Although spring is now well underway in the middlin’ latitudes of Missouri, it was only a few short weeks ago that winter was still with us. For my last winter hike of the season, I returned to perhaps my favorite stretch of my favorite trail in all of Missouri – the Mina Sauk portion of the Taum Sauk Trail on Taum Sauk Mountain. Located in the rugged St. Francois Mountains (the “epicenter” of the Ozark Highlands), Taum Sauk Mountain is Missouri’s highest peak. I say “peak” with a bit of reservation – at 1,772 feet it hardly compares with the high peaks of the Rocky Mountains or even the much mellower Appalachians (and certainly not with those of my beloved Sierra Nevada). Nevertheless, unlike the remainder of the Ozark Highlands, the St. Francois Mountains are true mountains initially formed through a series of volcanic events occurring well over a billion years ago. They, and the rest of the Ozark Highlands, have been shaped to their current form by repeated cycles of uplift and subsequent erosion.
During their Precambrian prime, the St. Francois Mountains reached heights of 15,000 feet (the “ancient” Appalachians, in the meantime, were still just a twinkle in Mother Earth’s eye). Rain and wind and the vastness of time have reduced them to nubs, leaving only the most ancient of volcanic rocks as testament to their former glory. Although most of what is now the Ozark Highlands was inundated repeatedly later in the Palaeozoic (laying down the sediments that were then uplifted and “carved” to their current shape), the highest peaks of the St. Francois Mountains may be among the few areas in the United States never to have been completely submerged under those ancient seas. Standing atop Taum Sauk Mountain, it is tempting to visualize today’s craggy terrain as a fossil of that ancient landscape – the peaks representing the former islands of rhyolite, their slopes barren and lifeless in stark contrast with the exploding diversity of bizarre life forms appearing in the tropical waters that surrounded them.
The sterile, volcanic rocks of the St. Francois Mountains support an abundance of open, rocky glades – especially on their peaks and southern and western slopes – that are home to a number of plants and animals more typically found in the tallgrass prairies further west. Indian grass (Sorghastrum nutans) and little bluestem (Schizachyrium scoparium) thrive in clumps between the large, pink boulders that are strewn across the landscape and which provide shelter and sunning spots for animals ranging from the charismatic eastern collared lizard (Crotaphytus collaris) to the smaller but no less beautiful splendid tiger beetle (Cicindela splendida). The surrounding forest is historically an open woodland with a rich, herbaceous understory and widely-spaced, drought-tolerant trees such as shagbark hickory (Carya ovata), post oak (Quercus stellata), and blackjack oak (Quercus marilandica). These woodlands and glades are a fire-mediated landscape dependent upon periodic burns to maintain their vegetative character.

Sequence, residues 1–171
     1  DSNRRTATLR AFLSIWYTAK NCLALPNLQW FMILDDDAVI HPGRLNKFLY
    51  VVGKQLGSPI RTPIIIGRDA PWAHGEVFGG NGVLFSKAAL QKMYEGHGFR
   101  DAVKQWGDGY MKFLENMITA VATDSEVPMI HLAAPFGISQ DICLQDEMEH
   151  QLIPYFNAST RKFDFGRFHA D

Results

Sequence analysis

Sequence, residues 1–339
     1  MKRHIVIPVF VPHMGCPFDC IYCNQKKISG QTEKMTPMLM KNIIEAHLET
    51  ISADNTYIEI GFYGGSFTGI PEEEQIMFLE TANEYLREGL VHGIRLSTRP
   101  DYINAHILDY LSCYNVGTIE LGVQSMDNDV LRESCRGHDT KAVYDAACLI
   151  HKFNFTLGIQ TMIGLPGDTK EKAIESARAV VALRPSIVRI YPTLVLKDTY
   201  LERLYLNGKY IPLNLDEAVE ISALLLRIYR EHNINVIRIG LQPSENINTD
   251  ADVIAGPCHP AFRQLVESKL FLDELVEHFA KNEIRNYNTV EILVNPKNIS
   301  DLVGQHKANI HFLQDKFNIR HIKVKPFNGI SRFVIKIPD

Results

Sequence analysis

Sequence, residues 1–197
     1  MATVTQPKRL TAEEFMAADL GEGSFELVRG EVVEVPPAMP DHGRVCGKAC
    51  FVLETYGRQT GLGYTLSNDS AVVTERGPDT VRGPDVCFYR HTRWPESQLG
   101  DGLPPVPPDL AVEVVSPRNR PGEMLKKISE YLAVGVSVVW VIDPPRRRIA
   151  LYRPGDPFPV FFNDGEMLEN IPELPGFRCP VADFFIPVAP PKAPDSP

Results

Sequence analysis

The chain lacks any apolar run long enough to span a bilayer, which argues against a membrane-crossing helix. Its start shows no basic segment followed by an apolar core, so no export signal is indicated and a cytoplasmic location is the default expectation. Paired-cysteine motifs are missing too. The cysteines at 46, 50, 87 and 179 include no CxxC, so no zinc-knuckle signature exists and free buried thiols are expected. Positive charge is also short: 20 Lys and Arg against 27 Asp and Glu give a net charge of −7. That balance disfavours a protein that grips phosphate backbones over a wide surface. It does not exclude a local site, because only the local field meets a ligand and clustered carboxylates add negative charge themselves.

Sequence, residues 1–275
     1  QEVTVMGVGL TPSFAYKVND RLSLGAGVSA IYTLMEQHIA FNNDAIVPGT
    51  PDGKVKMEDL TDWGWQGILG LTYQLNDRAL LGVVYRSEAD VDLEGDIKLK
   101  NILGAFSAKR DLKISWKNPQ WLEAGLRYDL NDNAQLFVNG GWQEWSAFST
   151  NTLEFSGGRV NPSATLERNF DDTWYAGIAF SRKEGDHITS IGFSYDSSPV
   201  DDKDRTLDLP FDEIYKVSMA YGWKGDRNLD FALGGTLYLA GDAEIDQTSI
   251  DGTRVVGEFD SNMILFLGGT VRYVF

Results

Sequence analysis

A trail begins at “High Point”, marking the summit of Taum Sauk Mountain and the highest point in Missouri. A granite slab next to the summit rock documents the elevation at 1,772.68 feet MSL (Mean Sea Level). The Mina Sauk Falls Trail, a rugged three-mile loop that joins the Taum Sauk Section of the Ozark Trail, leads to the tallest wet-weather waterfall in Missouri, Mina Sauk Falls. During periods of high water flow, water gushes over the edge and drops 132 feet over a series of rocky ledges. Water was flowing lightly during my late winter visit; nevertheless, looking out from above the falls (see photo above) offers one of the most spectacular vistas available in Missouri. A rather difficult hike down the side of the mountain to the bottom of the falls is also well worth the effort, although clear views of the entire falls are difficult to find in the dense, moist forest below (it was here that I photographed the spectacular Ozark Witch Hazel).
A second unique geological feature lies about a mile farther down the Ozark Trail – Devil’s Toll Gate. The rocks stand 30 feet high on either side of this eight-foot-wide, 50-foot-long fissure. The gap probably began as a vertical fracture in the rock that has been enlarged by subsequent weathering. Over time the fissure will continue to widen, as the rocks on either side lose height.
Returning to High Point at the end of the hike, I noticed that the summit was a little higher than when I started my hike – whether this was through additional uplift of the underlying mountain or a depositional event I cannot say. Nevertheless, I estimated Missouri’s new highest elevation to be approximately 1,773.01 feet MSL!
Copyright © Ted C. MacRae 2010